When is a paedophile not a paedophile? When, among many other possibilities, he is a fell-walker.
The fells, for the uninitiated, are the high hills and low mountains of northern England, where hiking, unlike in the Alps of Europe, or the world’s even higher ranges, is on a human scale: delightfully, the proud walker may “conquer” several peaks in a single day merely through modest exertion rather than perilous adventure. Having just returned from a week spent hiking in the Cumbrian fells, or The Lakes as the mountains are perversely known in a collective way, I feel immensely refreshed, not least because the vacation has allowed me to take a break from my usual self: instead of being a writer, or an activist, or a sexual dissident, I have been enjoying a bit of an identity makeover as an outdoor type – and emerging as one who turns out to be still quite a fit old feller, if you will excuse the pun, for someone not far off three score years and ten.
That makes me feel extremely fortunate: it’s great to have some sort of positive identity in addition to negatively feeling part of an oppressed minority, and I would urge others to nurture their own more positive sides.
My trip to The Lakes – where there is indeed a wealth of beautiful lakes as well as mountains – also reminded me that I may be far from the only “paedo” who has found it possible to express other aspects of their identity here, including several prominent figures who are known mainly for their poetry, philosophy and love of the region’s natural beauty rather than their sexuality. Famously celebrating that beauty in verse at the turn of the 19th century were the romantic poets William Wordsworth, Samuel Taylor Coleridge, and Robert Southey, names which are closely associated with two others of particular concern here: Hartley Coleridge, son of Samuel, and Thomas De Quincey, best known these days for his memoir Confessions of an English Opium-Eater.
What is a great deal less well known about De Quincey than his opium addiction (apparently he took the drug medicinally to start with, for the relief of neuralgia), is his love affair with a toddler. An author, journalist and poet himself, De Quincey had “sleepovers” with little Catherine Wordsworth, William’s daughter. She was just a toddler and sadly died at the age of three. De Quincey recorded his grief over her death, writing of his love for her and saying “as it happened that little Kate Wordsworth returned my love, she in a manner lived with me at my solitary cottage; as often as I could entice her from home, [she] walked with me, slept with me, and was my sole companion.” By implication the whole “affair”, written about openly, was conducted with parental permission and was held to be as “innocent” as Wordsworth’s famous daffodils. Perhaps it was, but the language suggests a degree of attachment to the child that would be considered highly suspect today in an adult who was not her parent.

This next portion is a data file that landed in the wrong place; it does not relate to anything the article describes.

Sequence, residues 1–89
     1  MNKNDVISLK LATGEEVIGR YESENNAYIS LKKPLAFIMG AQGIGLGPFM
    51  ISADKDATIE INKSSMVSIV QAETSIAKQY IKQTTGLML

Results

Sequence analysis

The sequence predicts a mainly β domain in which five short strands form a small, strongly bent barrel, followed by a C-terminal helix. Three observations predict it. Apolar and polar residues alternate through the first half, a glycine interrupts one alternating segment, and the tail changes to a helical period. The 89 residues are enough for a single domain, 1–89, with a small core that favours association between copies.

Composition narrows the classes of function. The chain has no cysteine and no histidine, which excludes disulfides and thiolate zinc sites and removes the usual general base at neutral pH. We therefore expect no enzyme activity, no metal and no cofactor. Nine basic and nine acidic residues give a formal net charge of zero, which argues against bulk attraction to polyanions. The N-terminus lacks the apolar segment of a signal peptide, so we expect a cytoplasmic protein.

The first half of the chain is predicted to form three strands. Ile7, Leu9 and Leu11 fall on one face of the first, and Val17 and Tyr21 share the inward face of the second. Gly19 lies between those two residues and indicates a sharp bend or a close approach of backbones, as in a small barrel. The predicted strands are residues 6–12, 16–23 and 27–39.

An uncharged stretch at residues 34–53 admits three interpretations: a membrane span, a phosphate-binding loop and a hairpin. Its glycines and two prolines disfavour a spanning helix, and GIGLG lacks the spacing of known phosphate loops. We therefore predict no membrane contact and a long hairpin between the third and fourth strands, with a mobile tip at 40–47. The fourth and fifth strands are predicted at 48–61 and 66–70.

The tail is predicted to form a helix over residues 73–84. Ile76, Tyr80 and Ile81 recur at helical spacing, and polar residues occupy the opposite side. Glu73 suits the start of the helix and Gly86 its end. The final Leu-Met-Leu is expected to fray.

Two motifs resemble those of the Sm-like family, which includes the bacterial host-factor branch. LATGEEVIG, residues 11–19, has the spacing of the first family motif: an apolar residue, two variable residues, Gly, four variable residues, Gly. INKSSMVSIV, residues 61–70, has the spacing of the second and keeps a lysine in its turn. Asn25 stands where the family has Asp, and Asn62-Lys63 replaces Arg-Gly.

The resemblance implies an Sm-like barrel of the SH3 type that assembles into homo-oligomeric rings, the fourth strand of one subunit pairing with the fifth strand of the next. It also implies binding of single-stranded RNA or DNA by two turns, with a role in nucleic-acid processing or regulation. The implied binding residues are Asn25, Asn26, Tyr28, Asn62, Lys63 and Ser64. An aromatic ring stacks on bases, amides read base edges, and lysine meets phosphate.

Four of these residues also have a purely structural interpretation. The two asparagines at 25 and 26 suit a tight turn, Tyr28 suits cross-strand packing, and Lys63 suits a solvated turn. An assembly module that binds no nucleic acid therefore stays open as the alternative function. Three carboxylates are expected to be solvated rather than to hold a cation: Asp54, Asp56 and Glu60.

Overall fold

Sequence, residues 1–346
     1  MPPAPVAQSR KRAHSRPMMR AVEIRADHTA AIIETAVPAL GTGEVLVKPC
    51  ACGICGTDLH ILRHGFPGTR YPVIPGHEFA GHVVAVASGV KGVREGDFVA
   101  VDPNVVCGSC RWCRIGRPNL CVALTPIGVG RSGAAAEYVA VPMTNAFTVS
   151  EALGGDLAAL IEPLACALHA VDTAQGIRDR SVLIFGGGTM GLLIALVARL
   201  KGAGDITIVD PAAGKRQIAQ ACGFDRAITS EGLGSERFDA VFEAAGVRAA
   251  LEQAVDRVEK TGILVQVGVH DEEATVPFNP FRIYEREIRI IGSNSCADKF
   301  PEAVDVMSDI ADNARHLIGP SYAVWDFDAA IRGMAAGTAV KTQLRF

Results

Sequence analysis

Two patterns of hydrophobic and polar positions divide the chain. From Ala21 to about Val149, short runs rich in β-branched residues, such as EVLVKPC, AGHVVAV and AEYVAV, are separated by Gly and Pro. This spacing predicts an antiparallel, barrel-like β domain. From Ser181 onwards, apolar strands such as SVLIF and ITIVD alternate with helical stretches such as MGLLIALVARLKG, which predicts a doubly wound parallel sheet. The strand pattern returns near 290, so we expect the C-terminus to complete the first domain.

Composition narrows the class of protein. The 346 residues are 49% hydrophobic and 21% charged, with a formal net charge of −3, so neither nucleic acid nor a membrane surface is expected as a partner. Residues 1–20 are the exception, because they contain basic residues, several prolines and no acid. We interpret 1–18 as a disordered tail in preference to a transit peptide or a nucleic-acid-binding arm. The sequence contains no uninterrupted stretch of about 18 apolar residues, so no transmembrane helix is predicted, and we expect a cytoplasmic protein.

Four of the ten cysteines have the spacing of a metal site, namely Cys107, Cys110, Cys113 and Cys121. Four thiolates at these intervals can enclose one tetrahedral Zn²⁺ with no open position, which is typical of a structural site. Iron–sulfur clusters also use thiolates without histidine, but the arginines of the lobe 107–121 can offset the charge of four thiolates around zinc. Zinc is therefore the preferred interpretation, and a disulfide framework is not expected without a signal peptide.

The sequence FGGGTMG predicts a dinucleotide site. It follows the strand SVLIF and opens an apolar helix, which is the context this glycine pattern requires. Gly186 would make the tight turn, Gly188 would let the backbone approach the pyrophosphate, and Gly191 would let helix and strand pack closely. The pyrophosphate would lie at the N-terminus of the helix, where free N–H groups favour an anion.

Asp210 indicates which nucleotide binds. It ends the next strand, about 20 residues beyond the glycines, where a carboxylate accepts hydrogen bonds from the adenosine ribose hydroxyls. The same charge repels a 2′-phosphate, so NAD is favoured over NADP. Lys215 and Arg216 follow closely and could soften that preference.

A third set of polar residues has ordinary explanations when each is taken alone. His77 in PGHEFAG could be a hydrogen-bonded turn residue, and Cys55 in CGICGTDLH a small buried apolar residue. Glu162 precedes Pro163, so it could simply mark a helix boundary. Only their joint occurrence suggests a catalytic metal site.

For a while, De Quincey was the tenant of Nab Cottage, a lovely dwelling at the edge of Rydal Water – it being another peculiarity that the mountain area is called The Lakes but almost all of the lakes are called either waters, meres or tarns! Hartley Coleridge succeeded him there as the tenant. His childhood was celebrated frequently in his doting father’s poetry and that of Wordsworth. Whereas Michael Jackson arguably missed out on childhood, Hartley Coleridge in a sense never ceased to be a child. Small in stature as an adult, he continued to look childlike and dressed as a schoolboy. His tastes, too, were largely those of a child. The childish dressing, especially, suggests autopaedophilia – autopaedophiles being those who continue to conceive of themselves as a child long after childhood, and who have a sexual attraction to themselves in that role alongside being attracted to actual children whom they regard as their peers. I have personally known a number of autopaedophilic men (and one woman), so I am sure this is not just an invention of the psychiatric imagination. There is no evidence of any paedophilic behavior by Hartley, so far as I am aware, but it may be significant that he became a school teacher, never married, and showed signs of troubled feelings in his poetry (see Long Time A Child…) and alcoholism.
Not far from Rydal Water is Coniston Water, on the shores of which the more or less all purpose public intellectual John Ruskin set up home in a mansion called Brantwood in 1871. I’ve been there. It’s a splendid place, open to the public, with numerous fine exhibits on show demonstrating the great man’s pioneering environmentalism, his interest in art and art history, his philosophy, politics and much else. Tolstoy described him as, “one of the most remarkable men not only of England and of our generation, but of all countries and times”, which give some idea of his status in Victorian England.